Home - T Singapore

An Ode To Japan's Undiscovered, Aromatic Hiba Wood

By Guan Tan

A series of Aomori Hiba wood products from Cul de Sac, Tokyo. From left: a side table, reed diffuser, wood candle, and a stool.
Cul de Sac/ Atomi/ Felicia Yap
A series of Aomori Hiba wood products from Cul de Sac, Tokyo. From left: a side table, reed diffuser, wood candle, and a stool.

Tucked away in the quiet, residential district of Nakameguro, Tokyo is a small, independent store with a wooden facade named Cul de Sac. The store was founded in 2011, and in its earlier years, it retailed genderless, slow fashion. Later in 2015, founder Mineko Muraguchi introduced a series of essential oils and mists, made from the extracts of Hiba, an aromatic wood native to northern Japan's Aomori prefecture. 

"Growing up, I have always been surrounded by Hiba because my father runs an Aomori Hiba lumbering business," Muraguchi quips. The Hiba was (and remains) one of the rarer and coveted materials for Japanese architecture. 

"Aomori Hiba is highly valued in the construction industry," Muraguchi explains. "It has been used in various important cultural properties like the Golden Hall of Chusonji in the Iwate prefecture, Kakegawa Castle in the Shizuoka prefecture, and the Izumo Shrine in Shimane prefecture," Muraguchi lists. These architectural feats date back to 1124, 1469, and 1744 respectively. 

Cul de Sac/ AtomiVarying sizes of Hiba wood stools, prices range from S$380 to S$580.
Varying sizes of Hiba wood stools, prices range from S$380 to S$580.
Cul de Sac/ AtomiSquare Hiba wood stools. Prices range from S$780 to S$1,080.
Square Hiba wood stools. Prices range from S$780 to S$1,080.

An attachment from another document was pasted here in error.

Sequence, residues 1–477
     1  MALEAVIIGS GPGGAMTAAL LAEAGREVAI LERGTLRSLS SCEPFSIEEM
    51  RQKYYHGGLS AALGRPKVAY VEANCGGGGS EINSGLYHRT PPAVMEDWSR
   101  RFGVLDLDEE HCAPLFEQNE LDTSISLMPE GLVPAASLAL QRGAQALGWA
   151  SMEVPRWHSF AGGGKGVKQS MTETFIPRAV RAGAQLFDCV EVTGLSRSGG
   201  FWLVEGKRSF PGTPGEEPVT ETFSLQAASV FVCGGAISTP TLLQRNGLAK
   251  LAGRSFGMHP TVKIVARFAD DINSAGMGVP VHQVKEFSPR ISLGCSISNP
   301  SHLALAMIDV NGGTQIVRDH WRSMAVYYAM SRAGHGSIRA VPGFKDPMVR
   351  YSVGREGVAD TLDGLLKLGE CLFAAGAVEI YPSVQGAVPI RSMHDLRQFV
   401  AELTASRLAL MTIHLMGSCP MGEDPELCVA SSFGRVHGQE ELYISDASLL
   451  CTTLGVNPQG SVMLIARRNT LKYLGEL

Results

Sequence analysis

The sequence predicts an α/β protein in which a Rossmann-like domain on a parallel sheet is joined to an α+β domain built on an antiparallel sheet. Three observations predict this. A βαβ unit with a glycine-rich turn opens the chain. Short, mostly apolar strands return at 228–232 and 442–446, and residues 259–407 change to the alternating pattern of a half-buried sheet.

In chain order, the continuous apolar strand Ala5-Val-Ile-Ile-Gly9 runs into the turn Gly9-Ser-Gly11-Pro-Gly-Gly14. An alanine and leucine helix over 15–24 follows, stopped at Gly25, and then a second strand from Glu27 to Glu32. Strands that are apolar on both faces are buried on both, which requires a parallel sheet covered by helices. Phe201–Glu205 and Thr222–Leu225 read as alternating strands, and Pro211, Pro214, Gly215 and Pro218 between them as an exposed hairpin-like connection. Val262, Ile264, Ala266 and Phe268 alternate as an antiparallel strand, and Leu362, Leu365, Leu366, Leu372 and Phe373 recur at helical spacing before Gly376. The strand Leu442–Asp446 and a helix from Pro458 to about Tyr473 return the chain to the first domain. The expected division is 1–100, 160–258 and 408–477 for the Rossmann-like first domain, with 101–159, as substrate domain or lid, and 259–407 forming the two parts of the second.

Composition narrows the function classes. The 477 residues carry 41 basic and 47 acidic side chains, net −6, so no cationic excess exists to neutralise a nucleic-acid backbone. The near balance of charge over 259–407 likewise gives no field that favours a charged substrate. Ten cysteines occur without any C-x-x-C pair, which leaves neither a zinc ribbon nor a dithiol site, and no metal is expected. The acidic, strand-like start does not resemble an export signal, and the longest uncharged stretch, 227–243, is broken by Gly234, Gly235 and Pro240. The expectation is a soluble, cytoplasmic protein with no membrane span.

For that, local authorities in the Edo period (1603 to 1868) imposed strict regulations against the logging of these valuable trees. The forests where Hiba trees were grown were reclaimed by the state, and remains state-owned till date. Regulations protect these trees from mass-production — they germinate and grow naturally, and can only be felled with permits when they fully mature. From end to end, the entire life cycle requires 250 years at least. When they do mature, lumbers and manufacturers have to bid for logging permits from the authorities. 

The Japanese craftsmen covet Hiba for its longevity and aromatic qualities. "Since long ago, Aomori Hiba has been recognised for being rot-resistant and highly durable. Therefore, it was used as a building material," Muraguchi explains. "Back then, people didn't have access to insect repellents and antiseptics. But people knew the Aomori Hiba." Its aroma repels pests and deodorises — which made it apt for public architecture and residences. 

Despite strict conservation regulations, the Aomori Hiba wood supply continues to dwindle — perhaps due to the lack of restoration and awareness projects. "Aomori Hiba is definitely decreasing in quantities now. Even though it's valued as a building material, I believe its worth is not sufficiently appreciated in Japan," Muraguchi continues. "I wanted more people to know about this tree. Therefore, I created a brand that just uses Aomori Hiba." 

Cul de Sac/ AtomiA Hiba reed diffuser, available at S$98.
A Hiba reed diffuser, available at S$98.
Cul de Sac/ AtomiA Hiba wood candle, available at S$98.
A Hiba wood candle, available at S$98.

Muraguchi notes that the current crop of Hiba wood available in the market dates back to the Edo period — their seeds were sown approximately 250 years ago. Likewise, the Hiba home products retailing in Cul de Sac stems from the same generation of trees. They range from stools, side tables, candles, insoles, closet deodorants, diffusers, to incense and oils. 

Majority of the customers are Japanese, "but recently there has been an increase in customers who come all the way from overseas for our products. Among them are Singaporean customers as well." With every customer, Muraguchi hopes to draw awareness to the dwindling number of Hiba trees in Aomori today and the urgent need for more revival programmes. "Last year, the Regional Forest Office finally started on an Aomori Hiba restoration project." To Muraguchi, that is merely the beginning. "Little by little, to the best of my ability, I hope to work towards spreading the appeal of Aomori Hiba to make such restoration campaigns more widely adopted." 

Cul de Sac's Aomori Hiba products are available at Atomi, 333A Orchard Road

T magazine

T: The New York Times Style Magazine Singapore’s best videos: digital house tours from around the world, behind-the-scenes looks at cover shoots and more.